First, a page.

By Gil Troy, HNN, 6-16-09
Israeli Prime Minister Benjamin Netanyahu’s speech on Sunday imitated yet countered U.S. President Barack Obama’s earlier speech in Cairo. Both leaders are best-selling authors, proud of their mastery of the written and spoken word. Both chose symbolically-significant university settings. Obama was co-hosted by Cairo University and Al-Azhar University, founded in 975, honoring Islam’s rich religious and political history. Netanyahu spoke at Bar Ilan University’s Begin-Sadat Center of Strategic Studies. The setting invoked the two great peacemakers Menachem Begin and Anwar Sadat at a modern Israeli religious Zionist university founded in 1955 whose emblem features the Torah as the eyepiece of a microscope. But in addition to their policy divergences, the dueling speeches reflect a fundamental clash of worldviews, with Netanyahu playing the historian to Obama the deconstructionist.
Barack Obama wants to synthesize, reconcile, heal. The son of a white Kansan mother and a black Kenyan father, he attended Harvard Law School during the Critical Legal Studies revolution, whose slogan “law is politics,” taught that law, like all human constructs, is mutable, and can be tailored to changing agendas. In his historic 2004 Democratic National Convention speech, Obama represented the red-white-and-blue American fording the overplayed red-blue and historic black-white divides. In reading Obama’s second book – written with his eye on the White House – Joe Klein of Time magazine counted “no fewer than 50 instances of excruciatingly judicious on-the-one-hand-on-the-other-handedness.” “I had to reconcile a lot of different threads growing up–race, class,” Obama told Klein. “For example, I was going to a fancy prep school, and my mother was on food stamps while she was getting her Ph.D.” Klein continued: “Obama believes his inability to fit neatly into any group or category explains his relentless efforts to understand and reconcile opposing views. But the tendency is so pronounced that it almost seems an obsessive-compulsive tic.”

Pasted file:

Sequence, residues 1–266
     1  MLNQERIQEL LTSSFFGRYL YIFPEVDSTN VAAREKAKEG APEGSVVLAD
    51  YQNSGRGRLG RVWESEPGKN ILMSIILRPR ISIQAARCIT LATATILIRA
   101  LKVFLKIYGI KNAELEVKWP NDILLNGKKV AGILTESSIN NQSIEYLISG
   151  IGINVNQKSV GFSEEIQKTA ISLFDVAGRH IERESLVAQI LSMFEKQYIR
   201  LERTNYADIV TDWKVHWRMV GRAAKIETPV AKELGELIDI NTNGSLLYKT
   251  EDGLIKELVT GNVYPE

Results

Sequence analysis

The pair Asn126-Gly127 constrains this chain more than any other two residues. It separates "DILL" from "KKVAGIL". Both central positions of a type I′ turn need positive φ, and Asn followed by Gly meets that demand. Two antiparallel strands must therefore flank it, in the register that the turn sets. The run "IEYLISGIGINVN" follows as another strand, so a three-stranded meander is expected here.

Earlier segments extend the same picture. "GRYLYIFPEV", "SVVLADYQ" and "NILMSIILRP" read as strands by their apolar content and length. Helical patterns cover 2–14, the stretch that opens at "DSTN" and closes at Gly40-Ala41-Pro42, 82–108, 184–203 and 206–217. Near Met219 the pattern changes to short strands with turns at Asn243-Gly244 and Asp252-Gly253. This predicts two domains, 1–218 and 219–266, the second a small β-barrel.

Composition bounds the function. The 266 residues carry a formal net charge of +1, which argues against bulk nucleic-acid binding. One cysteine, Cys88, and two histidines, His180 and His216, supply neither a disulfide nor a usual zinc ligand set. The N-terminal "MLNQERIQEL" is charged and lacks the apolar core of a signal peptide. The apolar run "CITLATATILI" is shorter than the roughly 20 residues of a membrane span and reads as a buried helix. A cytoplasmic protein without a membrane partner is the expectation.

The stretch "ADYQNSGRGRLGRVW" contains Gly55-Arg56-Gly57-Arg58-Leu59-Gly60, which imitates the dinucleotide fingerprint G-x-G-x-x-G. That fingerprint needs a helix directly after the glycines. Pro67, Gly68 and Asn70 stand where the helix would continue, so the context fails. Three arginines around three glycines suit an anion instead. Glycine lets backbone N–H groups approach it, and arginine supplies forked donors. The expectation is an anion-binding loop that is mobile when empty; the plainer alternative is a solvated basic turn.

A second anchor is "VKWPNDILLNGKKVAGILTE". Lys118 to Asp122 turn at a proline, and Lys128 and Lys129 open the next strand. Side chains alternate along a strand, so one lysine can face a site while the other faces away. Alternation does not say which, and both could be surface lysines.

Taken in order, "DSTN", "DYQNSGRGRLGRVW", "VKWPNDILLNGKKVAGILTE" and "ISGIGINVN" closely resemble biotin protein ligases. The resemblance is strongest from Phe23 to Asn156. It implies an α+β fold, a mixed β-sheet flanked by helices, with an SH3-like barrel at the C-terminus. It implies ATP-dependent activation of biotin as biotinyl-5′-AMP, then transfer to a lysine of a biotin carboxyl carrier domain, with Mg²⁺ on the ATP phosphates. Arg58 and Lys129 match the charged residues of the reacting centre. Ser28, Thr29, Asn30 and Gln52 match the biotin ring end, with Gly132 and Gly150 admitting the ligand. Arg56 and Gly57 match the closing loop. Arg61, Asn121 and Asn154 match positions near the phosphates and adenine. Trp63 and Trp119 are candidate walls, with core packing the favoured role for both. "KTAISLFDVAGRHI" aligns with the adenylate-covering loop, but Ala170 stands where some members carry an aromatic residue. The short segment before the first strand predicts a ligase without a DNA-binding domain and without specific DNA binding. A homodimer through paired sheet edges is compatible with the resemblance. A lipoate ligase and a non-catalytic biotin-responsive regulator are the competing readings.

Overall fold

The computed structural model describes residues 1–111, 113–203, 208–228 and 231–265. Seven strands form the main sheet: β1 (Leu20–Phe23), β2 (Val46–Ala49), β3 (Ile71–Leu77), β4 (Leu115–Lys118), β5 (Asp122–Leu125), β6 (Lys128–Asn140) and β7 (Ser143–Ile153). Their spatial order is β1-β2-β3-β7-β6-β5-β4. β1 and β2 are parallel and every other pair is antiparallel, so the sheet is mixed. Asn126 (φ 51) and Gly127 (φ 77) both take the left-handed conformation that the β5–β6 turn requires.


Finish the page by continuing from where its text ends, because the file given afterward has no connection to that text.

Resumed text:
Obama was in full “on-the-one-on-the-other-hand” mode in Cairo. Facts and ethics were putty in his hands as he constructed an “I’m ok, you’re ok, because we all are sinners” kind of world. Rejecting the “cycle of suspicion and discord” he sought a relationship between the United States and Muslims “based upon mutual interest and mutual respect.” The speech took a series of flash points and extinguished them by balancing them out: Muslim “extremists” murdered Americans but America overstepped in response. America undermined Iran in the 1950s, and Iran responded harshly since the 1970s. Back and forth, back and forth, went Obama’s seesaw of history.
Similarly, Jews suffered persecution in Europe, especially during the Holocaust, but “[o]n the other hand, it is also undeniable that the Palestinian people … have suffered in pursuit of a homeland.” When discussing the Arab-Israeli conflict, Obama articulated his approach to history and diplomacy: “It is easy to point fingers,” he preached.… But if we see this conflict only from one side or the other, then we will be blind to the truth: the only resolution is for the aspirations of both sides to be met through two states….”